From Racerunners to Night Lizards

Eric R. Pianka and Laurie J. Vitt

in Lizards

Published by University of California Press

Published in print September 2003 | ISBN: 9780520234017
Published online March 2012 | e-ISBN: 9780520939912 | DOI:
From Racerunners to Night Lizards

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This chapter introduces the highly active teiids and lacertids, the diminutive gymnophthalmids, and the secretive, long-lived xantusiids. Teiids, gymnophthalmids, and lacertids (all of which form the clade Lacertiformes) are tied together evolutionarily because they share a common ancestor. Lacertiforms share a number of identifying features: they have elongate, streamlined bodies compared with many iguanians; they are alert and often fast moving, they forage actively, primarily on the surface of the ground, discriminating between prey and non-prey using chemical cues; and many, but not all, are active at high body temperatures. Xantusiids, or night lizards, differ considerably from teiids, gymnophthalmids, and lacertids. Xantusiid eyes are capped over like those of most geckos; they have elliptical pupils and are active in dark places. Their body temperatures while active are considerably lower than those of Lacertiformes.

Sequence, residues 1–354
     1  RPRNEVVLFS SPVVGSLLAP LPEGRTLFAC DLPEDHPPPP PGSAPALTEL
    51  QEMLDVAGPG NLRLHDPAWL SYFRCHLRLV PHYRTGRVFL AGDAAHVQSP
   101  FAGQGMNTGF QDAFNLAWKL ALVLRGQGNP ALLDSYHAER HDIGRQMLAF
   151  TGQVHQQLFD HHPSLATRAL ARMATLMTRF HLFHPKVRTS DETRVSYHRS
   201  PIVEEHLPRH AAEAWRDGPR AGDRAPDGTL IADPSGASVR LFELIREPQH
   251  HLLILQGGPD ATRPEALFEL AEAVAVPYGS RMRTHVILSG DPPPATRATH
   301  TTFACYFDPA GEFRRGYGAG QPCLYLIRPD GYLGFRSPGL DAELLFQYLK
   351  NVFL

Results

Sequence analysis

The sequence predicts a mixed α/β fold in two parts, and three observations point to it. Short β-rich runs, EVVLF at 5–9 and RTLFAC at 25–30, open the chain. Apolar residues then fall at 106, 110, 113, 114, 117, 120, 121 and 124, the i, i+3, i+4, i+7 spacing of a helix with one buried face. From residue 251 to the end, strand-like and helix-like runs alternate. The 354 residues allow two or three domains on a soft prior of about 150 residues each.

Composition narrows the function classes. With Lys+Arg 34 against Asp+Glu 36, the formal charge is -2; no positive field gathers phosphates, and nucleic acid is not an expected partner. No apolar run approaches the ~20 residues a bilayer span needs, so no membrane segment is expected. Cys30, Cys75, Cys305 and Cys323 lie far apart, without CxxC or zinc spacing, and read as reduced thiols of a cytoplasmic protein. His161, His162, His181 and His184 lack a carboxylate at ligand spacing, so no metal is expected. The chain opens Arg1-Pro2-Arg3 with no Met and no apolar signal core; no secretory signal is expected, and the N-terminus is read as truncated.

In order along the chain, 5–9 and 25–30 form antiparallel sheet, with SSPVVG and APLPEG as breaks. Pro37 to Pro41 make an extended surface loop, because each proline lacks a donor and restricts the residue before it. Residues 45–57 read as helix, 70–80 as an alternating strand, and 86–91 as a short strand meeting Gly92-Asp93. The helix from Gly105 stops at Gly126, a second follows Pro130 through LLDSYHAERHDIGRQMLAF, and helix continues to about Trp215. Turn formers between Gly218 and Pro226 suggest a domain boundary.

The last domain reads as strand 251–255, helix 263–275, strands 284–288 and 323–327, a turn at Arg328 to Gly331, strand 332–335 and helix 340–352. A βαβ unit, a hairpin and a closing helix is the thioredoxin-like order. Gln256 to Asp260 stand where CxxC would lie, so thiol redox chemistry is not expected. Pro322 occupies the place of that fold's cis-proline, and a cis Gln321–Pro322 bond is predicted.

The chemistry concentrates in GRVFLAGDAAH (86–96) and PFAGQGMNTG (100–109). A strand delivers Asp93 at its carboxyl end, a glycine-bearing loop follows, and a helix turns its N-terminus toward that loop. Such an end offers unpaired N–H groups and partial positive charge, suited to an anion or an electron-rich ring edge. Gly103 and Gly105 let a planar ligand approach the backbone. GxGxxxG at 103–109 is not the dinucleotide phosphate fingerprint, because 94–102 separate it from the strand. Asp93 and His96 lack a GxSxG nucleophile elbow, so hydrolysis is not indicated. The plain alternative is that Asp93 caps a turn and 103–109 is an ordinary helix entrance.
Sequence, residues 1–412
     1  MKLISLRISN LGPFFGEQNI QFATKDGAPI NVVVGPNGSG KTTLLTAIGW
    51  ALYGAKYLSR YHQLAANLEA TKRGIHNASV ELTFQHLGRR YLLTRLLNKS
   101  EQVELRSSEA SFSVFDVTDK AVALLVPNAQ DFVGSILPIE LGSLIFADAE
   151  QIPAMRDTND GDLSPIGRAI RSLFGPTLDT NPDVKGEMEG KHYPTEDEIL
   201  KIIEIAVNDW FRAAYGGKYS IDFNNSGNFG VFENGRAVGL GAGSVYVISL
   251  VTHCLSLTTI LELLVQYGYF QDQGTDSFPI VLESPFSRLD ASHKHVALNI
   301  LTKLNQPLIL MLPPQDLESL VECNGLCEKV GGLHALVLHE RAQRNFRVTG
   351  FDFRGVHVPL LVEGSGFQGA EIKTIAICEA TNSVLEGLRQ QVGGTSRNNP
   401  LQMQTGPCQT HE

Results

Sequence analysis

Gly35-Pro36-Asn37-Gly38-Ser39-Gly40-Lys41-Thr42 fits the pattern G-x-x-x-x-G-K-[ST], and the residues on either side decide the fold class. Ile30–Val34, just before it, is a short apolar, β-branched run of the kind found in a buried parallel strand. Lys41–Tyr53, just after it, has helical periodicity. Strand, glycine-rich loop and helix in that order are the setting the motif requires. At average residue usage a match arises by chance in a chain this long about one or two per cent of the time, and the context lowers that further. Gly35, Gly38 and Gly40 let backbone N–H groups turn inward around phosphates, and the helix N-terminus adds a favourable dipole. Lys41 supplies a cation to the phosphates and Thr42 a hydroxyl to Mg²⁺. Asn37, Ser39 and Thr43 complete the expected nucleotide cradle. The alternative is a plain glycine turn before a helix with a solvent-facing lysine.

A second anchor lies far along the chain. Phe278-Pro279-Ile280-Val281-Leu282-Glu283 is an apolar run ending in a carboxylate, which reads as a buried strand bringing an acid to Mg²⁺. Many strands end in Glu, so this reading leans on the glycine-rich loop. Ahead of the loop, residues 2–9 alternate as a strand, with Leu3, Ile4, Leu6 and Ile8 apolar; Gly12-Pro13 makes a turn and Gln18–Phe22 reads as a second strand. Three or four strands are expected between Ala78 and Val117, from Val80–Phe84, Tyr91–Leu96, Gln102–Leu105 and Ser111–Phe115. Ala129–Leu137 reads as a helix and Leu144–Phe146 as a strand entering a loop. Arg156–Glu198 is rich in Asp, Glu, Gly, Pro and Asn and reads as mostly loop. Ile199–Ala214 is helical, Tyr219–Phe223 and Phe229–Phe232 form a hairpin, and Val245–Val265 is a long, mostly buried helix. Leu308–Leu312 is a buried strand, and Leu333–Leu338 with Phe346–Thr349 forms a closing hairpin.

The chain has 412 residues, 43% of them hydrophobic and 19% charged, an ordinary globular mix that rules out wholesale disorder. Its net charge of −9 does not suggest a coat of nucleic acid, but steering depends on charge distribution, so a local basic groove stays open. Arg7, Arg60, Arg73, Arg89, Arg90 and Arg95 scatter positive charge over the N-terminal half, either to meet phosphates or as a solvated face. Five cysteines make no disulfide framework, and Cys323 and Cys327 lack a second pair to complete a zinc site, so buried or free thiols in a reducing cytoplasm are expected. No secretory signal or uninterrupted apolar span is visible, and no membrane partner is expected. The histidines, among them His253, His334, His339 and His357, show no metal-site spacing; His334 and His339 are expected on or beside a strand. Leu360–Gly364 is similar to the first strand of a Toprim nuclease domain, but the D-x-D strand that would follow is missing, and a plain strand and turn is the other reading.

Keywords: teiids; gymnophthalmids; lacertids; Lacertiformes; body temperature; xantusiids; night lizards

Chapter.  9209 words.  Illustrated.

Subjects: Zoology and Animal Sciences

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